Hobart took part in the western ‘extension’ of the Battle of the Coral Sea in May 1942. One of the covering force for the United States aircraft carriers. Bill later reflected on the battle:

We experienced significant exposure to the relentless and determined attack by the Japanese with limited allied air support; once again we came through with flying colours.

I did observe a lot during this period, and in subsequent times I also reflected on why we were such an effective team. I have no doubt that our Captain must take a great deal of the credit, our ship was a floating fortress, manoeuvred by a skilled navigator and this, combined with our significant exposure to combat, moulded our ships company into a very effective force. The men held Captain Howden in high regard and he in turn looked after his men.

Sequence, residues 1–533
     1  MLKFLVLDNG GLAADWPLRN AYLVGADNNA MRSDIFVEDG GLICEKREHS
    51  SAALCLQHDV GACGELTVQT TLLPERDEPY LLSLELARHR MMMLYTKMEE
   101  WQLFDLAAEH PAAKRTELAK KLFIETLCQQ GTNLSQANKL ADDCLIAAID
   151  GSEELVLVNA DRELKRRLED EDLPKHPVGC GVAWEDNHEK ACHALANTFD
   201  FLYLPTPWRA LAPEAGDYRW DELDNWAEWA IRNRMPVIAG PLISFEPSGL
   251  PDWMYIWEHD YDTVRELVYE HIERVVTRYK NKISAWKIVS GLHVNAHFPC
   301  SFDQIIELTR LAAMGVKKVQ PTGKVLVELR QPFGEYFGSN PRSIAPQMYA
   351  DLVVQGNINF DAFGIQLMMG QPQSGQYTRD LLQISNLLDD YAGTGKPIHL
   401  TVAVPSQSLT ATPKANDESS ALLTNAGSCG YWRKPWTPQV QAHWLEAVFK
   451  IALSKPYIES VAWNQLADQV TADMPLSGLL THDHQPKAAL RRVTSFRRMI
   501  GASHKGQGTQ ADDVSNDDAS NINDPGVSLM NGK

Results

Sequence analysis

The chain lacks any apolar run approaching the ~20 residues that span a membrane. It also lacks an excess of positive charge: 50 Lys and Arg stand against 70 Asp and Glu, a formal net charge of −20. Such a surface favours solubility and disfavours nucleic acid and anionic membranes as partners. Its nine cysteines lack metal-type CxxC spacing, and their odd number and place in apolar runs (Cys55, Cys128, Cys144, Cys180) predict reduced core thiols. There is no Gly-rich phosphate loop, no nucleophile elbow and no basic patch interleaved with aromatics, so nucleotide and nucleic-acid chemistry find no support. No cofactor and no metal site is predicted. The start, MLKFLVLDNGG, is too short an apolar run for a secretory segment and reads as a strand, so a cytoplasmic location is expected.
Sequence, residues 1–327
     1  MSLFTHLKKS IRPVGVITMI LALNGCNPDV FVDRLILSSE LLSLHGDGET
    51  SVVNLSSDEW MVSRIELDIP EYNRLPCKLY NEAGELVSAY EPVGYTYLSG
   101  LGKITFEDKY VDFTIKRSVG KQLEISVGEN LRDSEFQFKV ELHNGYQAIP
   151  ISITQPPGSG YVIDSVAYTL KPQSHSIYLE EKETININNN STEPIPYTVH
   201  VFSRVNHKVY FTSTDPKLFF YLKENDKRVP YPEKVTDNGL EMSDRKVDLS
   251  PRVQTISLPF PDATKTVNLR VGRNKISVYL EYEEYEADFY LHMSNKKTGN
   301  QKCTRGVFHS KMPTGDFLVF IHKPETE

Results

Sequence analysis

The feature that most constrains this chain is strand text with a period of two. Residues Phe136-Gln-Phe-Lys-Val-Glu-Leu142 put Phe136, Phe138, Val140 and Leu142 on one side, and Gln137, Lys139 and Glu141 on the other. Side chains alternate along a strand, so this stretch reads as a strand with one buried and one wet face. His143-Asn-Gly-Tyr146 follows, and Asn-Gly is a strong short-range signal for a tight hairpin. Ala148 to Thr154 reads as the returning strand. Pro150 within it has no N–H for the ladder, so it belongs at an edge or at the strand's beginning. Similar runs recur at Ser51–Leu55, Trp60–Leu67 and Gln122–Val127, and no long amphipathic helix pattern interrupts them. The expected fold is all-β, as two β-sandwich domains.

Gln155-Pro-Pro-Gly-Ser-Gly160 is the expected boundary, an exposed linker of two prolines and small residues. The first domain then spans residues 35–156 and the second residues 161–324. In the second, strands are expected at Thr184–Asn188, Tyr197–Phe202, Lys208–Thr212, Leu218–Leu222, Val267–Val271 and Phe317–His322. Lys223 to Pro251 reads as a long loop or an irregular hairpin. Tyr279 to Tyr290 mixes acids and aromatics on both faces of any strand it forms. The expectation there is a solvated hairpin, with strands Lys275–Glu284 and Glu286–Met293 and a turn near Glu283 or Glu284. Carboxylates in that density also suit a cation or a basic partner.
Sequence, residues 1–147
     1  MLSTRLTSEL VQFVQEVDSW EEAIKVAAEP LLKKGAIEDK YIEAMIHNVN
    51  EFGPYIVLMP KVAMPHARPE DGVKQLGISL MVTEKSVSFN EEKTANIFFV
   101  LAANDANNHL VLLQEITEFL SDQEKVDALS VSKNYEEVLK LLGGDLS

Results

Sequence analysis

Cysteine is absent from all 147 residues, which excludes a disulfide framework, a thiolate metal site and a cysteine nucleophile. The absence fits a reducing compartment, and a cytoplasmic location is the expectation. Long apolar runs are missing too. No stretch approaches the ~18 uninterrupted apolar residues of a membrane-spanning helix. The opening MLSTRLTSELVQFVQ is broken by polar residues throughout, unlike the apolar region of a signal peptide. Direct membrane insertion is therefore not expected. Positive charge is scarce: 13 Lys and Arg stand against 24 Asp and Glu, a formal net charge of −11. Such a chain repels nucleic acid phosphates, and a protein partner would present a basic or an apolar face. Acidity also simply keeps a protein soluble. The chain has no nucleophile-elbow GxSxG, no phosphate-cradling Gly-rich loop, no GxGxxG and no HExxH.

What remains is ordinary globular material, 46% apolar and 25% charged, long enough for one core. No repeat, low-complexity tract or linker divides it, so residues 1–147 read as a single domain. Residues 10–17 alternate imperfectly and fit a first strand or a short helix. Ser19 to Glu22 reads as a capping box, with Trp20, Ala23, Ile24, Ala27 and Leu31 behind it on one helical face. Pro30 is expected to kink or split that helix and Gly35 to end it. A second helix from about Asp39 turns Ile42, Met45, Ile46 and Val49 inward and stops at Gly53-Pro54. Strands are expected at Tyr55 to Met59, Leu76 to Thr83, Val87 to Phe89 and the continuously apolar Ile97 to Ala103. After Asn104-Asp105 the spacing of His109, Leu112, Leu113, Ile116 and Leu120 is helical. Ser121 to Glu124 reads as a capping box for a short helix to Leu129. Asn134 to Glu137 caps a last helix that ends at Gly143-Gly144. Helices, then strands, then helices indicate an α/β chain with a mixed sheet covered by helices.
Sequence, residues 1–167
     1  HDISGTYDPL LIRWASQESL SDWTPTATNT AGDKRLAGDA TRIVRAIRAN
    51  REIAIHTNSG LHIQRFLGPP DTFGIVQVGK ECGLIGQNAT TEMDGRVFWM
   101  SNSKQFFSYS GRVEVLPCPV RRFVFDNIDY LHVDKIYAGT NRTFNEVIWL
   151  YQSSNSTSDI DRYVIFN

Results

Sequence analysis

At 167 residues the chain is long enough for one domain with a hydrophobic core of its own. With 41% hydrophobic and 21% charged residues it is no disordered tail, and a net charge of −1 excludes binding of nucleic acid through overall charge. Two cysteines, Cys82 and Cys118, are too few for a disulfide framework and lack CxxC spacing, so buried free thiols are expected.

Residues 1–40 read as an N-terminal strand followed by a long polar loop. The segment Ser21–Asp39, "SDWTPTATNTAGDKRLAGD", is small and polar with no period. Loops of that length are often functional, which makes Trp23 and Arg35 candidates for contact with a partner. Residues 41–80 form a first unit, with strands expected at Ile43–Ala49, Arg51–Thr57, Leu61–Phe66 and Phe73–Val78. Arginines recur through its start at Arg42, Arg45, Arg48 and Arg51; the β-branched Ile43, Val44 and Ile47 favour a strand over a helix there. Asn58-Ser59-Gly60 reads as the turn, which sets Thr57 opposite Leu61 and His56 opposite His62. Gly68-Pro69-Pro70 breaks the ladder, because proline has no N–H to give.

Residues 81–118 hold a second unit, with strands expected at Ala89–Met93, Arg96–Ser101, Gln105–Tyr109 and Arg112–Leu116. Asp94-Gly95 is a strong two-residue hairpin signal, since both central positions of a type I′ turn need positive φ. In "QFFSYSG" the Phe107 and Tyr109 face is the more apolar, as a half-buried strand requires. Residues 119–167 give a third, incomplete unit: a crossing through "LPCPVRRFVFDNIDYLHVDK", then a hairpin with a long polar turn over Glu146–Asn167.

This was very evident when we disembarked in Brisbane after the Battle of the Coral Sea, we celebrated our survival and comradeship - and Captain Howden.

Bill’s posting on Hobart ended on 31 May 1942, a significant date in the history of Sydney:

I left Hobart and headed to Sydney only to arrive on the morning after the attack on Sydney Harbour by the miniature Japanese submarines. It was a great shock and quite chaotic.

About a week later we marched through Sydney and were then transported to Rookwood Cemetery to honour and bury our dead. And, in the tradition of the mariner, we also honoured the dead of our enemy.

Shortly after this I was sent to Townsville to board a ship for Milne Bay, as part of a wireless team tasked to improve the wireless system, specifically the Port Directive system for ships. On arrival we transferred to a yacht and travelled to Lai and Buna.